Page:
Sending Customer Newsletters? 7 Things You Should NEVER Do!

18 July 2014

Sending out a regular newsletter is one of the best ways to make a lasting connection with your customers. Newsletters give you an opportunity to provide solid and useful information for your target audience, as well as keep people up to date with your latest business developments, products and services. However, many companies get their newsletters wrong by making them too long or too general. Here are 7 things you should definitely avoid when sending customer newsletters.

1. DON’T cover multiple target audiences in the same newsletter. To keep customers on your subscriber list, you need to be giving them content that is relevant to them. By appealing to multiple audiences in a single newsletter, you’re pleasing no one in particular. If every subscriber finds the majority of your contents irrelevant to them, a large number will end up unsubscribing. Avoid this by dividing your generic email list into specific and targeted groups. After this, create a separate newsletter for each customer segment – it’s easy to do and will keep your content focused and relevant, allowing you to build rather than lose your subscriber base.

2. DON’T create too many calls to action. As well as featuring lots of helpful advice and useful information, you want to be creating sales opportunities for your brand through specific calls to action. However, too many such calls will overwhelm your target audience and lead to less conversions, not more. Try to see things from your reader’s perspective – is there too much to digest and follow up on in your newsletter? If so, make things less confusing by reducing the ways for customers to act. A single call to action that is clear and concise will generate far more sales than a number of vague and competing calls.

3. DON’T over-sell. Ideally, your newsletter should be 90% useful information and only 10% self-promotion. Your subscribers already have an interest in your brand – that’s why they signed up in the first place. By all means, tell your audience about new products and services or business developments that may be of interest, but avoid blatant self-promotion and hard-sell tactics. Turning your newsletter into one long advertisement is the fastest way to reduce your subscriber list so create content that is genuinely interesting and informative. Providing something of value without expecting anything in return will build trust and brand loyalty among your customers.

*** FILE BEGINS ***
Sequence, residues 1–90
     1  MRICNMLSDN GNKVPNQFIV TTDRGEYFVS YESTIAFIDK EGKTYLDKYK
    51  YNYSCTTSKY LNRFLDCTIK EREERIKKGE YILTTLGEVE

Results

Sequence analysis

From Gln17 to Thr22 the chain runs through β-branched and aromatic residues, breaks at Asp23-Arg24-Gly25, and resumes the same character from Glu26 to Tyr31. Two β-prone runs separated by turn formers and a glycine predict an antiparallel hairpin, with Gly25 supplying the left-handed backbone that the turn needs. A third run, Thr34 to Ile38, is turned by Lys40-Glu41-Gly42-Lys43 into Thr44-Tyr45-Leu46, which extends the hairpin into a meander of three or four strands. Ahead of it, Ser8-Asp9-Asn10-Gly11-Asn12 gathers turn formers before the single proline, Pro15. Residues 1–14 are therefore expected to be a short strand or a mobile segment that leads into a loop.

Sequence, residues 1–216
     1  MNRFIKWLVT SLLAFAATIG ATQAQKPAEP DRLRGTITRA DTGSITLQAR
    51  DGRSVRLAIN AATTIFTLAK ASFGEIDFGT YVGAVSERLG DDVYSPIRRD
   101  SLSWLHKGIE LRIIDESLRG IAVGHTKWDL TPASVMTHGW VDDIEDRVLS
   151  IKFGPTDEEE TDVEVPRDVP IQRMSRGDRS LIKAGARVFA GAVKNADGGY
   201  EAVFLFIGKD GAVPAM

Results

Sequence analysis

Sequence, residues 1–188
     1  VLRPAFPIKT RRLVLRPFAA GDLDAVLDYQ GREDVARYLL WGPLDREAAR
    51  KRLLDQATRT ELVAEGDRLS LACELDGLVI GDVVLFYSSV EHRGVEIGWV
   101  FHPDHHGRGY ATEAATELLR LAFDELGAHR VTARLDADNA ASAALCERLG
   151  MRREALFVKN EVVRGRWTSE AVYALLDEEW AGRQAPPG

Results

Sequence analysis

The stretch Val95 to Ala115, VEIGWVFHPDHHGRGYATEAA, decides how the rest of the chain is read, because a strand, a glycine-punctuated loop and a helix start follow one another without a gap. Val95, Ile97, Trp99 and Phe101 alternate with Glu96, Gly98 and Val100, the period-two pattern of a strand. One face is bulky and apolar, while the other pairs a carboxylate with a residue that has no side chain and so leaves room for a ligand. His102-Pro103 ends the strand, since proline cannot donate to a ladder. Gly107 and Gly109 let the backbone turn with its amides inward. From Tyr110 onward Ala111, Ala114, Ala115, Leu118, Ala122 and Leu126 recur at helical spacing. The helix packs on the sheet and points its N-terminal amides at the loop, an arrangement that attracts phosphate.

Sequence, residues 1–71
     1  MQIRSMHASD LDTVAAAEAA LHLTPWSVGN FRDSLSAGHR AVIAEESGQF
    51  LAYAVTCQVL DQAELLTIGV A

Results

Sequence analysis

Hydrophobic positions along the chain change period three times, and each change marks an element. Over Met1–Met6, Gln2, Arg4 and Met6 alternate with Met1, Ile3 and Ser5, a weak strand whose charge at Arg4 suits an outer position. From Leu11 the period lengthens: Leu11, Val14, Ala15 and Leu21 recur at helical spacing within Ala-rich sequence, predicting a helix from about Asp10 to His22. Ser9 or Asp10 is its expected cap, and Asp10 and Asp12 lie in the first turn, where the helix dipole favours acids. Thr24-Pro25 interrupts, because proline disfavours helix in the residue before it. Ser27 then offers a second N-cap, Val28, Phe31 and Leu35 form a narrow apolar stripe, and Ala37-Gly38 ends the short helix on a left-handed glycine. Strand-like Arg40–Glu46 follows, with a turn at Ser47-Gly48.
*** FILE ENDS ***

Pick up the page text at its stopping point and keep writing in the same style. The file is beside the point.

4. DON’T bore people. Content written in a dry, dull business tone will not get anyone excited about your brand. Keep your tone light and conversational without becoming overly casual or inappropriate. Including ‘fun’ contents will get more people reading and humour can be a very effective tool when used correctly – however, be careful not to go too far. Some of your readers may be easily offended and you could end up harming your brand with an ill-considered joke. As well as humour, stories that inspire or create a sense of wonder are most likely to draw readers in. Whatever your product or service, there will be a way to make it interesting so get creative!

5. DON’T write for the sake of writing. Some companies think a newsletter needs to be long and full of content but it’s far better to keep things short and sweet than long and dull. Ask of every article or piece of content you include – is it interesting? Is it relevant? Does it provide value for the target audience? Answering these three questions in the affirmative is far more important than worrying about length. Of course, what’s interesting and relevant will vary according to the market segment you are aiming at so you’ll have to vary the style and contents to suit each separate newsletter you send out. If you’re not a natural wordsmith, find someone who is and put them in charge of content creation.

6. DON’T forget images. A newsletter that’s full of dense printed words with no visual relief may end up unread, however interesting its contents. Strong visuals draw your readers to the page and break up the text, making the contents easier to digest. If you’re including photos taken by yourself or members of your team, make sure they’re well composed and in focus. You don’t have to be David Bailey but blurred or boring images can seriously detract from good written content.

7. DON’T lose focus of the main goal of your newsletter – to build a lasting relationship between your brand and your customers. The ability to retain first time shoppers and grow a loyal base of repeat customers over time will make the difference between success and failure for your brand. A business newsletter can be a powerful tool for making that happen – but only if you make a good job of it!



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